Any organization is susceptible to being the subject of lawsuits filed by persons who have a legal claim against another. As a result, the flow of business in terms of operations, costs and management are often disrupted. The cost of a company in defending itself in court would result to the inevitable spending of cash in hiring a lawyer, paying for the latter’s appearance fees in court during hearing, docket fees and other lists of litigation expenses. Another aspect that should be considered in maintaining a law suit is the need to send office personnel in court as representatives of the company to attend during hearings. The bringing of a case in court whether a person is in the right or not is not an assurance that one would emerge as the winner. The suit is brought before the court for the latter to decide based on the evidence and the records presented as to whom among the parties is legally entitled to the subject of the controversy. There is never an assurance that a party bringing the suit would always win. Thus, a company should be ready to anticipate the worse case scenario of losing. This means that the company should also be prepared to pay any amount that the court may award in favor of the other party in terms of damages such as actual, moral or exemplary. (Grube, Lorri. Litigation – Cost of Litigation to US Businesses) Court litigation entails a lot of expenses and it usually covers a large percentage of a company’s expenditures. The court can award costs of up to $1 Million dollars in damages in favor of another party. (Grube, Lorri. Litigation – Cost of Litigation to US Businesses) There is also the need to consider the cost of appeals in the event that a company wants to pursue his claim. Thus, the cost of defending oneself in court has its advantages and disadvantages. There may be others who would argue that the court is the proper channel to use in order to seek justice and to enforce a person’s right however, there are other options available for parties to settle their controversies.
One option that should be made available for companies is an out of court settlement. This method of settling legal disputes is recognized by law and is favored because it helps to eliminate the rising number of pending cases in courts. This can be likened to a compromise where both parties reach an agreement in favor of each other and decide to put an end to litigation. An out of court settlement would allow a company to save a lot of money because there would be no need to pay for docket fees, appearance fees for lawyers and other expenses needed for litigation. Another advantage of this is that the matter can be settled faster because it really depends on the parties to set a time and place to meet in order to resolve the issue. (Moulton, Donalee. Vanishing Trials: Out-of-Court Settlements on the Rise) This would allow a company to focus on more important matters that has to be addressed within the organization instead of sending office personnel to attend hearings. It would also be easier to manage the time of the company because the resolution of the case is not dependent on court schedules. The progress of an out of court settlement really depends on the willingness and desire of both parties to put an end to it. This method would also allow the parties to bargain on a more or less equal footing because the ambiance is not as stiff as that in a court room because there would be no judge or jury to decide on the case. The tenacity of the dispute really depends on the parties and the issue can be resolved in just a few days as compared to a litigation which can drag up to several years. An out of court settlement is really encouraged due to the benefits that it brings to an organization.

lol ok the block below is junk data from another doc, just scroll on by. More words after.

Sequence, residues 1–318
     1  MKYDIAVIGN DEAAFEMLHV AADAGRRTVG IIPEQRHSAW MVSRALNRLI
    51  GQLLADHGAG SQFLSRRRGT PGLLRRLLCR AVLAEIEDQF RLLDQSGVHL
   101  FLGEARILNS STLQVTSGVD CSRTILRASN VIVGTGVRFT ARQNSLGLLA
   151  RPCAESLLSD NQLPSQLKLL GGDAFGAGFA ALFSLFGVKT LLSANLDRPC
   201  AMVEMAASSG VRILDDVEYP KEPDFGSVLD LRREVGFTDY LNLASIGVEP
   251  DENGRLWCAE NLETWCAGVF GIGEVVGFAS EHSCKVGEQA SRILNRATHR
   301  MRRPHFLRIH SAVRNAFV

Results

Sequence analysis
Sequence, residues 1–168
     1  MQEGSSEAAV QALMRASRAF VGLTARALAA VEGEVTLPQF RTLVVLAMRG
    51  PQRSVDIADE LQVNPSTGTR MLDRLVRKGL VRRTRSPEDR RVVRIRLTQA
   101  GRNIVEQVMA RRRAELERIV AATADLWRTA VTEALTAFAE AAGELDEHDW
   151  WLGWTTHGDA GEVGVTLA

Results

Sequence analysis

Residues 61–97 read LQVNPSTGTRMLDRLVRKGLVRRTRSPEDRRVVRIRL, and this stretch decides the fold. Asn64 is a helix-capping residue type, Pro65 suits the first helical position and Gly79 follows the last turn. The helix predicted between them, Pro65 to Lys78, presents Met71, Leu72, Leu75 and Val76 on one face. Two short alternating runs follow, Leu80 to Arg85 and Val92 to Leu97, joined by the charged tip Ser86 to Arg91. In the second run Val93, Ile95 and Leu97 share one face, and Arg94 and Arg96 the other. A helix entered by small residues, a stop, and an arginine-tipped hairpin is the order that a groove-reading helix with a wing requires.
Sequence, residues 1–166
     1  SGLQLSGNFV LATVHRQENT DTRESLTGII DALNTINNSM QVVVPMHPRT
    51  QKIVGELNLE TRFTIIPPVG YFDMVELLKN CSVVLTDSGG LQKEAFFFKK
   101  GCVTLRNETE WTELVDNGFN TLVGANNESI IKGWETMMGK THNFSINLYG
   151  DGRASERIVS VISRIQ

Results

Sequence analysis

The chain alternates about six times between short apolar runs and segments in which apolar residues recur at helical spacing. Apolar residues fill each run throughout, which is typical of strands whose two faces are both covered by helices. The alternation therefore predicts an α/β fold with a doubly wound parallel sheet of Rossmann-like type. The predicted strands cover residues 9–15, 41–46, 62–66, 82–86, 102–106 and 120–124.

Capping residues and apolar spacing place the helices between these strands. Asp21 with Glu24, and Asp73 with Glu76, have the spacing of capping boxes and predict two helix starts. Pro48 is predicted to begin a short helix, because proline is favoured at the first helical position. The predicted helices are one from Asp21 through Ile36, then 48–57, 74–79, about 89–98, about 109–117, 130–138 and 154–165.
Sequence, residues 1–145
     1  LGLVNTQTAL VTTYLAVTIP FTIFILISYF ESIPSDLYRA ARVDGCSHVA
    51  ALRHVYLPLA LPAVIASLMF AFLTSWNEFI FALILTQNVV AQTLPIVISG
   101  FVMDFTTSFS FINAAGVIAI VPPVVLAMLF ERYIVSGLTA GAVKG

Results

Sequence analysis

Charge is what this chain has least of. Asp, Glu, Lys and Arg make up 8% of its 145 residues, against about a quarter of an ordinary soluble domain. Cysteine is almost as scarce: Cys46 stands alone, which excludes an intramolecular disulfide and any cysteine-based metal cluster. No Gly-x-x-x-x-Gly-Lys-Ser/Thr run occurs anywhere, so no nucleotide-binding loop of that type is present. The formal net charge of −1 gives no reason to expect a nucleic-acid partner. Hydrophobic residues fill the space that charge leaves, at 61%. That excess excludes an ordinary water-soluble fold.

Grube, Lorri. Jan-Feb 1995. Litigation – Cost of Litigation to US Businesses. Retrieved on May 14, 2009 from website http://findarticles.com/p/articles/mi_m4070/is_n100/ai_16637004/.
Moulton, Donalee. October 17, 2008. Vanishing Trials: Out-of-Court Settlements on the Rise. Retrieved on May 14, 2009 from website http://www.lawyersweekly.ca/index.php?section=article&articleid=784.